Entries from May 1, 2008 - June 1, 2008
Do they ever grow up? Where is the line between helping a 20 year old, semi-adult son because he is a temporary idiot, and enabling said 20 year old till he matures to become a 40 year old leech?
Our 20 year old son left in August to begin a pastoral internship in a little church in California . Before he left, he received a ticket for driving without insurance. Before he left, he assured me it was taken care of. Off our baby went, driving west on his own into his future. He was doing very well on his own far away from mommy and daddy. We had every reason to believe our first chick had successfully flown the coop.
Until... the weekend before Christmas when a policewoman showed up on our doorstep to arrest our son for missing his court date. Frantic calls (very early in the morning on his side of the country) led to assurances that he would take care of it. For those of you shaking your heads please note, this is our first child out of the nest. We didn’t have the life experience to realize that “taking care of it” to the 20 year old means something very different to his parents. To parents “taking care of it” involves actually doing something. To the 20 year old it means doing nothing and hoping for the best.
We greeted him at Christmas like a peer, an equal, a wage earner and a tax payer, a payer of bills, one like ourselves. Unlike his younger siblings he didn’t have to clean the house for company coming Christmas day. He was exempt from cleaning the kitchen after Christmas breakfast and dinner. We didn’t ask where he was going and who was he going with. He was an adult guest in our home and we treated him thus. Less than 36 hours before we were going to put our successfully launched first born on the plane back to his home...he was arrested for failure to appear.
Fortunately, he didn’t face jail time . Unfortunately, he faced tons of fines and fees. Here is the parental dilemma. The semi-adult has no money. Youth pastors at very small churches live on below poverty wages. His fines and fees amounted to 3 months of his yearly salary. If he stays here, gets a regular job and pays us back, he remains a kid. If we pay the fines and fees, and for the plane ticket back, he goes back to his adult life but we have bailed him out. What to do?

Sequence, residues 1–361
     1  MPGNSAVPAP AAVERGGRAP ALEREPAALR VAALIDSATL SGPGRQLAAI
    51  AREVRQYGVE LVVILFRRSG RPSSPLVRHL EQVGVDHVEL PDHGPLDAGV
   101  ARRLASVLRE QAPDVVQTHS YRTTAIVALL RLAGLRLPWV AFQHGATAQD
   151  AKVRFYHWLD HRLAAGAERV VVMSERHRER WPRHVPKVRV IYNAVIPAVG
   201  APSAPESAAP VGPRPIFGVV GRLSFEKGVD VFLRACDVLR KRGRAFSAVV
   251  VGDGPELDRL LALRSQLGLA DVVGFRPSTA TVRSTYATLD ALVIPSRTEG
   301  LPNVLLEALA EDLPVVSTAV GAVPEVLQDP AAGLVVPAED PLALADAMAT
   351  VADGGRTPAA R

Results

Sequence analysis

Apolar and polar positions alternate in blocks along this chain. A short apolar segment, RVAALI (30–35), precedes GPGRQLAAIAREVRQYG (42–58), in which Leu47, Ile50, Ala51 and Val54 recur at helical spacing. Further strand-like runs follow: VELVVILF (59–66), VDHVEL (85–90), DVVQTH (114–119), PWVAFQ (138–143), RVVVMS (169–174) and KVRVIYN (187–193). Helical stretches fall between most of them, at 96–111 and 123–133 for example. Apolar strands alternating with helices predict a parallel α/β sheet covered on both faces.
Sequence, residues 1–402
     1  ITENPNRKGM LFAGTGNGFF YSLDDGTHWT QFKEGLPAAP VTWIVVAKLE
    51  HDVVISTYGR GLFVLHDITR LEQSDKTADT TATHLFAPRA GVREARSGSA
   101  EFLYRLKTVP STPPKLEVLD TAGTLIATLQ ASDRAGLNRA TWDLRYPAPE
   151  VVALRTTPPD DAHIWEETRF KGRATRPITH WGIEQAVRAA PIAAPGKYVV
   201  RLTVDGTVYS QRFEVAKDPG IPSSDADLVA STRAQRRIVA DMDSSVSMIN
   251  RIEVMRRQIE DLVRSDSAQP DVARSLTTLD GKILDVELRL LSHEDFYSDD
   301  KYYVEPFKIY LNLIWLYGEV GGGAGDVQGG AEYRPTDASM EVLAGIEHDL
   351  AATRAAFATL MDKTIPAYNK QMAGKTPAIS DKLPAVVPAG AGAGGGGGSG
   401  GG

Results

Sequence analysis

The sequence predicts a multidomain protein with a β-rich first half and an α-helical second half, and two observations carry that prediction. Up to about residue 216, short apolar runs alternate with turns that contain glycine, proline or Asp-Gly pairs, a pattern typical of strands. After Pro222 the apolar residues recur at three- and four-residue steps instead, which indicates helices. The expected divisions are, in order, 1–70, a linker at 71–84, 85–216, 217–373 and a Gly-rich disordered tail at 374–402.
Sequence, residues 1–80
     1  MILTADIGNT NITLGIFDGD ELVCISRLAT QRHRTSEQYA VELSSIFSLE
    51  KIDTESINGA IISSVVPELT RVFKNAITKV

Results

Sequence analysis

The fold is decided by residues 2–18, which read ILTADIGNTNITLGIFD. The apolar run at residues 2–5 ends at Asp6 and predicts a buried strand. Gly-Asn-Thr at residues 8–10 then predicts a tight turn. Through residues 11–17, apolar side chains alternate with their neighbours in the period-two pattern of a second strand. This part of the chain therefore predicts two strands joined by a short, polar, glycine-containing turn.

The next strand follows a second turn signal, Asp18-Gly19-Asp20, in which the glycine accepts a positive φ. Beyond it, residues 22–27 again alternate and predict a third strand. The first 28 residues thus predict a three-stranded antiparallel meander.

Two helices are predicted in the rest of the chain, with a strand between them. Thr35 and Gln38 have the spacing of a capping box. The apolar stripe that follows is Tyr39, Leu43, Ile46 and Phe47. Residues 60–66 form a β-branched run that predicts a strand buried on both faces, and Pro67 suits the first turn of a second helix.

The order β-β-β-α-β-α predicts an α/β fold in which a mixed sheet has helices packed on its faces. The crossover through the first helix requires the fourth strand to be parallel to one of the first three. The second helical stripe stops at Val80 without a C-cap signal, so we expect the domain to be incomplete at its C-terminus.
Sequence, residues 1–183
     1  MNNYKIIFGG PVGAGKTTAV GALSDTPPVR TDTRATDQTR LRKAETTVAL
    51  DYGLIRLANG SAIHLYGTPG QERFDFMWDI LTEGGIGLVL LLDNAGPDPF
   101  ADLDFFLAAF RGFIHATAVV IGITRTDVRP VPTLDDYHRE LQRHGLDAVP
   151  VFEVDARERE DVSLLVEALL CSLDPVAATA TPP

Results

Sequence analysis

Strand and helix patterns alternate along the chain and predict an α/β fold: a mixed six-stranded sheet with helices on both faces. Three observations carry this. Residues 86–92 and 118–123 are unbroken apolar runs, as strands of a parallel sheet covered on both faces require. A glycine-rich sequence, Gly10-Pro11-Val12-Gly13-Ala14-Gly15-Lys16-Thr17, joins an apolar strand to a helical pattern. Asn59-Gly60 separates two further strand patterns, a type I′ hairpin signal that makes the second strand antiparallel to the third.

Painting, lots and lots of painting. Our trim is again gleaming white and the dining room has been transformed. Hours of painting, much humble pie and prayer later, we paid for everything, put him on the plane and sent him back to adulthood. We are both older and wiser, and a little sadder from this experience.
The upside is, as usual, our younger children will benefit from our newly acquired knowledge about parenting semi-adults.
I was thinking: what country would I like to visit without having to actually go there? Saudi Arabia came to mind. I have been reading Susie’s Big Adventure for the last few weeks. Susie is am American woman who moved, with her Saudi born husband and their son, to Saudi Arabia in the fall of 2007.
Susie paints a far more positive picture of life in Saudi America that I would have expected from a female American expatriate. She writes about the Saudi version of March Madness (who knew), her mother-in-law's life, a pajama party. Her blog is so varied and interesting you can’t help but get caught up in her sense of adventure.
Scan down the left side of the blog until you get to labels. The Susie of Arabia category is a great place to get the overall picture of her life in this country so very different from our own.
Saudi Arabia is not some place I would want visit in person. It is interesting to visit there with Susie as my virtual host from time to time.